Tesla Megapacks arrive in Hawaii with the state’s last coal shipment

Tesla Megapacks arrive in Hawaii with the state’s last coal shipment as it shifts its grid to renewables supported by energy storage enabled by batteries like the Megapacks.

In the transition to a sustainable energy economy, we take every small victory we can get, and this one is significant.

Hawaii aims to reach 100% green energy by 2045 and already has the highest amount of solar capacity deployed per capita. However, in order to handle all that renewable energy, the state needs to balance it with energy storage capacity since the sun doesn’t always shine.

Tesla has been deploying batteries in Hawaii for years in order to help toward that goal. The company works with Hawaiian Electric on giant new battery systems and on a virtual power plant using Powerwalls.

Earlier this year, we reported that Tesla is deploying Megapacks at a new energy storage project that will replace Hawaii’s last remaining coal plant.

Today, Tesla CEO Elon Musk reported that some Megapacks for the projects were delivered at the same time as Hawaii received its last coal shipment:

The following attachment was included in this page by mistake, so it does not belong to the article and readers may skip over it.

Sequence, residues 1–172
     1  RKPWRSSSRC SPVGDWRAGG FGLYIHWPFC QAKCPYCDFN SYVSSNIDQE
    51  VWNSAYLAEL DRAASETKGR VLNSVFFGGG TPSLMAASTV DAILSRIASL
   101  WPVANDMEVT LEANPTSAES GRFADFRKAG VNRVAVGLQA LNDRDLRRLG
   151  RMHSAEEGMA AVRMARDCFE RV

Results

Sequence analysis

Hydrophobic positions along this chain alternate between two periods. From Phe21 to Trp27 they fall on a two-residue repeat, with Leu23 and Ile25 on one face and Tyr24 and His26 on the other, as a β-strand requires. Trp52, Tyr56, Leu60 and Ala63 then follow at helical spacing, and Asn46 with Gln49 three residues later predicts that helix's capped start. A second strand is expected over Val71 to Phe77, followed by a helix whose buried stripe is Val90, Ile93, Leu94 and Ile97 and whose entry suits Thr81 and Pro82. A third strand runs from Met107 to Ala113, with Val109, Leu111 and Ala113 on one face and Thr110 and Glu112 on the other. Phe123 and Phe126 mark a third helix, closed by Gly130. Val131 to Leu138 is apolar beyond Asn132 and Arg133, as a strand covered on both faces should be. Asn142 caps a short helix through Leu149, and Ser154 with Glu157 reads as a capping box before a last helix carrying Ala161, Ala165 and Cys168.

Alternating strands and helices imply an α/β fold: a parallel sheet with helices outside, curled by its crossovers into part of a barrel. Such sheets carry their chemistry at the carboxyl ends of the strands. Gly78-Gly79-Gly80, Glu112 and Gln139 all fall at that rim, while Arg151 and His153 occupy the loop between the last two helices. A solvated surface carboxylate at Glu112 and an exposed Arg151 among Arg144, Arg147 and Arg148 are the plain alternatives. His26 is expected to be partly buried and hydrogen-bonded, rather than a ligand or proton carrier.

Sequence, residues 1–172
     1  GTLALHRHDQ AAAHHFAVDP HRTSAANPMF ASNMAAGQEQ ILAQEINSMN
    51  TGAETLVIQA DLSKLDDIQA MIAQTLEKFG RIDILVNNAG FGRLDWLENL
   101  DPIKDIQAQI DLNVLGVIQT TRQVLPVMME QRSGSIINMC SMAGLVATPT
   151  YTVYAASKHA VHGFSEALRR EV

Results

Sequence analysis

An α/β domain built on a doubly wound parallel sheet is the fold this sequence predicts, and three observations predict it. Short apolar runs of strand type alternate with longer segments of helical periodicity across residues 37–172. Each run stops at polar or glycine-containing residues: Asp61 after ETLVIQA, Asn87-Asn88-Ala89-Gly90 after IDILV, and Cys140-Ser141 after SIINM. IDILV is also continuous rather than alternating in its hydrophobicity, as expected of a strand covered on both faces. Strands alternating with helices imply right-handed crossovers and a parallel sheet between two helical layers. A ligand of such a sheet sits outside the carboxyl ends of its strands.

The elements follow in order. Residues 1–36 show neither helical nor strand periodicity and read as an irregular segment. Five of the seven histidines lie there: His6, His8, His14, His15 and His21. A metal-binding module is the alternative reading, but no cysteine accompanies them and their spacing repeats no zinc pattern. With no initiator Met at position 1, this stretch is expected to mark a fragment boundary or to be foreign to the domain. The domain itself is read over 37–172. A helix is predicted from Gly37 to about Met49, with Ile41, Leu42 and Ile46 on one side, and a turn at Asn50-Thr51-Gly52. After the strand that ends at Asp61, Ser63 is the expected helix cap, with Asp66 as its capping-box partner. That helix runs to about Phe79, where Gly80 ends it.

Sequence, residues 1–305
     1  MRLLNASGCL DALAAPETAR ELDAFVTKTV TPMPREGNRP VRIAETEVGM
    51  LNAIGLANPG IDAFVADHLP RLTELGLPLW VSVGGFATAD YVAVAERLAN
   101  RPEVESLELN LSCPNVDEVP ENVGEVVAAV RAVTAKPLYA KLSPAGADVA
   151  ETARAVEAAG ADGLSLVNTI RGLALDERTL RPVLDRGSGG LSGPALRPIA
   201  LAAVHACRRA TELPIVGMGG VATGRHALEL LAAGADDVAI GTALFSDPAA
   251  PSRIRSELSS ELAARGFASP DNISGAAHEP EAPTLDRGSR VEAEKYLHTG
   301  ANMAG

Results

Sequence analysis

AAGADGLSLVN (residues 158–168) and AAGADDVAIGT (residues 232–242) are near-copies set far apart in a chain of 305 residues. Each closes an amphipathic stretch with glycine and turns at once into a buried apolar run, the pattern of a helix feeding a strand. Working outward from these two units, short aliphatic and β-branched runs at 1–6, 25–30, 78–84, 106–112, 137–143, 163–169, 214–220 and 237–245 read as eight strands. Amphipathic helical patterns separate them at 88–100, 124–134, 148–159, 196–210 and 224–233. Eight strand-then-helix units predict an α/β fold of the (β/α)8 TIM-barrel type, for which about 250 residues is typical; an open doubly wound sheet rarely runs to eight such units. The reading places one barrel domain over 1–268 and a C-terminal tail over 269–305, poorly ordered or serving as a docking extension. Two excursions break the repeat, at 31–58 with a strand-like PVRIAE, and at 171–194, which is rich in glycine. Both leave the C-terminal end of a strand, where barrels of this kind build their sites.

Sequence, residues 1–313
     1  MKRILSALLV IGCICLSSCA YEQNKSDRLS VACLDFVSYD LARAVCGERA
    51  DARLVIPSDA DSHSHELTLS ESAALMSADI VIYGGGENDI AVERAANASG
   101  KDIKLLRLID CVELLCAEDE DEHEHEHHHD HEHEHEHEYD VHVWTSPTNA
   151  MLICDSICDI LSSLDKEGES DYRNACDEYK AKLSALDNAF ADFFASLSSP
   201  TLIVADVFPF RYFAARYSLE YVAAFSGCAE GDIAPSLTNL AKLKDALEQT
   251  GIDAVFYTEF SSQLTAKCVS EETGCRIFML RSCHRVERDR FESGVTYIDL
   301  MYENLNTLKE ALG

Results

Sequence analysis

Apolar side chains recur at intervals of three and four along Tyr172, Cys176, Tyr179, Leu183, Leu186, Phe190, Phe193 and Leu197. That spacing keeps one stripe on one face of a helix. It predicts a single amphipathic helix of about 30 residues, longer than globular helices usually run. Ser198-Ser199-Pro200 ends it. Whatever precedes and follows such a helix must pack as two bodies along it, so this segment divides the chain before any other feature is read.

The port where the coal shipment came is located right next to the Kapolei Energy Storage facility (KES).

You can see on the image shared by Musk that more recently delivered Megapacks are sitting waiting to be installed:

Once completed, the Kapolei Energy Storage facility (KES) will become one of the largest battery systems in the world with a capacity of 185 megawatts/​565 megawatt hours. It is a project in partnership with Plus Power and Hawaiian Electric – the former decided to use Tesla Megapacks to power the system.

In total, it is expected to have 158 Megapacks.

When we last reported on the project in June, it was supposed to be operational by September 2022 when Hawaii’s last remaining coal plant, which is located just down the road from KES, is expected to be retired.

The coal power plant is used to maintain grid frequency – something Tesla’s energy storage products have proven capable of doing – and that’s what KES is aiming to do along with absorbing excess solar power during the day and discharging during the evening.

Now it looks like Tesla and its partners have some pressure to finish the project in time since the coal plant is apparently going to start burning its last shipment of coal.

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